When GSK launched its open innovation strategy last year, the company said that one of its goals was the development of a malaria vaccine at a profit of 5% above the cost of production.
Lilly's Expanding Initiatives
The most recent example of big pharma’s interest comes from Eli Lilly. Late last month Lilly said it will expand its open-source effort beyond its two-year-old Phenotypic Drug Discovery (PD2) initiative, in which molecules can be submitted by scientists outside the company for screening. The new target discovery program called TargetD2 will screen molecules designed to interact with specific genomic targets believed to be involved in disease pathogenesis.
Lilly also added late last month a component to its TB Drug Discovery Initiative that will screen molecules for their ability to fight MDR-TB. Members including the Infectious Disease Research Institute (IDRI) and NIH contribute in-kind resources; IDRI handles in vitro work to test compounds, while NIH helps as needed with in vivo and development resources as well as researchers developing assays, for example.
“This entire program is one that provides unprecedented access to novel molecules around the globe,” Alan D. Palkowitz, Ph.D., vp of discovery chemistry research and technologies with Lilly, told GEN. “As we’re working in the TB initiative as part of a not-for-profit, and we know some of the challenges for TB drug discovery are really centered on identifying novel sources of compounds for screening, it seemed like an ideal way to leverage this platform that we’re using for some of our internally derived drug discovery efforts.”
He said the success of the TB initiative could serve as a model down the road for additional collaborations aimed at rare and neglected diseases, which are not usually a focus for Lilly and other pharma giants.
Under the new TargetD2, as with PD2, investigators retain intellectual property rights to their molecules until a promising compound emerges. “If we see something very interesting from the data, we will ask the investigator to share the structure with us,” Dr. Palkowitz said.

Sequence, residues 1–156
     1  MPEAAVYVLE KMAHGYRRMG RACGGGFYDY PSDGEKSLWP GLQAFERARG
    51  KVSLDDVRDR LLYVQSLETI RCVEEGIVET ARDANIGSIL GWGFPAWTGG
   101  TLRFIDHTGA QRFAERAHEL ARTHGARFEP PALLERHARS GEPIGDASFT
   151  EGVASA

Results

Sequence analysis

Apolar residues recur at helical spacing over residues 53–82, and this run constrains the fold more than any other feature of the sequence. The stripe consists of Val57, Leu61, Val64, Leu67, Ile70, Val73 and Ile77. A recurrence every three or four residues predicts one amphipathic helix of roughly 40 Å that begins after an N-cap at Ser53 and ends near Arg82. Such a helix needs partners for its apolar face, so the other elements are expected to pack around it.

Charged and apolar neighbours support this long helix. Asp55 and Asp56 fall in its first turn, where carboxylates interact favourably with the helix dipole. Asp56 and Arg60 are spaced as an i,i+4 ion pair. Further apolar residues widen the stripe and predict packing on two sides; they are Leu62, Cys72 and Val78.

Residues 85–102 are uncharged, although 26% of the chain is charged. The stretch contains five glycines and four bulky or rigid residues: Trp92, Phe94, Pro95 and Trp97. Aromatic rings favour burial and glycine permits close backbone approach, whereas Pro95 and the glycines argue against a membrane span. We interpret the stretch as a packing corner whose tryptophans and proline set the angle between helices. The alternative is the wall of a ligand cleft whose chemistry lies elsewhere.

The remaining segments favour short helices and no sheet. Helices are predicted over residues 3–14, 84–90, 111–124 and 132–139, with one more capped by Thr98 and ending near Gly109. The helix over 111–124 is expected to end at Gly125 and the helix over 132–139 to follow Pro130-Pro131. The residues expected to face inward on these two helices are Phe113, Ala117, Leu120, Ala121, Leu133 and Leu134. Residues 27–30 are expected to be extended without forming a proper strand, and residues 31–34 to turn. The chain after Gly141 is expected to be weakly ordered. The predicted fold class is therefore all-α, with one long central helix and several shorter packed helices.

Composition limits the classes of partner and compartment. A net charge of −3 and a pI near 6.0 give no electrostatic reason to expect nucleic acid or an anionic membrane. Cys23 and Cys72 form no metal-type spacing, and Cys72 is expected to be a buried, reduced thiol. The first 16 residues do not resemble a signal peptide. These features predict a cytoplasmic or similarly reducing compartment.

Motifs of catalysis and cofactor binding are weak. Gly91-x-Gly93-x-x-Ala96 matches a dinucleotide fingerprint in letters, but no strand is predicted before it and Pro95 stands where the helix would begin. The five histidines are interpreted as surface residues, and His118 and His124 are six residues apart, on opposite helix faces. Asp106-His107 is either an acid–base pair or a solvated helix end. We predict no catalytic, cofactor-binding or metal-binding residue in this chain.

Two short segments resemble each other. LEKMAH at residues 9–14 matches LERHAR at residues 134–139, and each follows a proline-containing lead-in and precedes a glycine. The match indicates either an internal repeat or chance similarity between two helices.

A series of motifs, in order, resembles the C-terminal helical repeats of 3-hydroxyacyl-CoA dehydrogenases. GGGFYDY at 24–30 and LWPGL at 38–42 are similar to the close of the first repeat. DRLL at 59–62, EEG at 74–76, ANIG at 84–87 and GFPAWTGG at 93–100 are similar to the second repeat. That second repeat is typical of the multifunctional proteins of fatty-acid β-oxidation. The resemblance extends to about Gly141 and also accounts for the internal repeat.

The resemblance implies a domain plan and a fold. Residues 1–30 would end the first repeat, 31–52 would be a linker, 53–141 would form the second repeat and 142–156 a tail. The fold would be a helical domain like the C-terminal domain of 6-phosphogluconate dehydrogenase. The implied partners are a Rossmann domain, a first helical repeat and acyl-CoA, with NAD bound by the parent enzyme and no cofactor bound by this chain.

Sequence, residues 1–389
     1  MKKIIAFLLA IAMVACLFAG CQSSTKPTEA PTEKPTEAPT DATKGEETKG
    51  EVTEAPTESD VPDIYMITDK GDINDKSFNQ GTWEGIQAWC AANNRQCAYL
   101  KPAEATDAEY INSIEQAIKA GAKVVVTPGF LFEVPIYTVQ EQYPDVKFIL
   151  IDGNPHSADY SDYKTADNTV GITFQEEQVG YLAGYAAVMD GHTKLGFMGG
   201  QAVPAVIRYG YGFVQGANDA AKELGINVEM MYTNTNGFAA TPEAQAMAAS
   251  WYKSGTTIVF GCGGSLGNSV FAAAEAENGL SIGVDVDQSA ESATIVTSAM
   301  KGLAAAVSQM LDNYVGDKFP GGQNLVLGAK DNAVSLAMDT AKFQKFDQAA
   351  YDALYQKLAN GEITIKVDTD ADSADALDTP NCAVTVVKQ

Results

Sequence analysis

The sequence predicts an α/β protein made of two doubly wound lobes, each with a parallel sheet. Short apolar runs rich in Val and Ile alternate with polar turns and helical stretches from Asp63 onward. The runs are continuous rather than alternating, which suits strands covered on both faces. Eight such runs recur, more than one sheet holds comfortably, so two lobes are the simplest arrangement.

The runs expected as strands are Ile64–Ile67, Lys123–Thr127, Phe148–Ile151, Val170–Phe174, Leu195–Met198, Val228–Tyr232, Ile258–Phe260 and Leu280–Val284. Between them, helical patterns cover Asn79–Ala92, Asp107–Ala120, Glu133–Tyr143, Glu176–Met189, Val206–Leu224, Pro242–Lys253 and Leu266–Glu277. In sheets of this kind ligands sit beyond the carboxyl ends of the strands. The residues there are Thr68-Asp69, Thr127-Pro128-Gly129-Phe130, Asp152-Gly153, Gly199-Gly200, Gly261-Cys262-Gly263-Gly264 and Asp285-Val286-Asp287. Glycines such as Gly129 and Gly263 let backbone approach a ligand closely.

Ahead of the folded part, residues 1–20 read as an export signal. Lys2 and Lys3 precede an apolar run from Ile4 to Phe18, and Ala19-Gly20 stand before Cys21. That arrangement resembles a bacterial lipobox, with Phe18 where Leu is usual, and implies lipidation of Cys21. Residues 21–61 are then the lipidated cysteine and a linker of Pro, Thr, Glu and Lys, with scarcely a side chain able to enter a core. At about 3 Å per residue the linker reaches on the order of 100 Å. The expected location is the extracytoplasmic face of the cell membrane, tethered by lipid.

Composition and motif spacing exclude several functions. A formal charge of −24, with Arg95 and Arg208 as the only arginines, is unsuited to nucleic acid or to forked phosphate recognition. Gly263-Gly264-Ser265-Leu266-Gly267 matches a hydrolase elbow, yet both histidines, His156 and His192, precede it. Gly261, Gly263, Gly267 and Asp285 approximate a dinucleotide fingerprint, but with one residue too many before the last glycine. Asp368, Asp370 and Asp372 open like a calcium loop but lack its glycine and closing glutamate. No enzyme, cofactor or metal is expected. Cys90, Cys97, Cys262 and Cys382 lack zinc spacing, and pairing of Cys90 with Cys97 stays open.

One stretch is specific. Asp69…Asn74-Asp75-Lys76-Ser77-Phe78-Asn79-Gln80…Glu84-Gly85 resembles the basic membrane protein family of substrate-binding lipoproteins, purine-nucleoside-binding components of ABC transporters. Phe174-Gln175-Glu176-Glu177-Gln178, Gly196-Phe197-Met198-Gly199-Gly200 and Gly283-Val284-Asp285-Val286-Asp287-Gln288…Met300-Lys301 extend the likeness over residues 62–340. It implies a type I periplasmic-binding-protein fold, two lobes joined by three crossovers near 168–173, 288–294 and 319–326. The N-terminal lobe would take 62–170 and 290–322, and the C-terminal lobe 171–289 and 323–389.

“And then if we are convinced that we are seeing something very promising, then only at that point would we approach the institution and the investigator to actually exercise our first right of access.” If the institution and researcher agree, they’ll negotiate a collaborative arrangement to further optimize the science as well as milestone and royalty fees. “If the institution is not interested, they’re free to use the data whatever way they like, whether it be to publish, to put in a grant application, or to actually pursue the science on their own,” Dr. Palkowitz explained.
Lilly’s open-collaboration effort includes more than 250 institutions in 27 countries. “By having both the phenotypic module and the target-based module, it allows us to add more assays, add more areas that are of interest to us over time as our area of disease focus evolves and changes. It’s something that now that it’s in place, can be easily scaled over time,” Dr. Palkowitz remarked.
PD2 has disclosed two open-innovation collaborations, one in cancer and the other in diabetes. PD2 has “probably about six or seven active collaborations” in all when partnerships that have been signed, those being negotiated, and those in early stages of exploration are all counted, he added.
Big pharma’s appetite for open-source collaboration has been evident in the past few years. The industry’s apparent focus has been on research and discovery work. Some academic-based groups have also formed, which seem to concentrate more on discovery through clinical development along with data-sharing initiatives. A few examples of those efforts will be examined in a separate story in this section.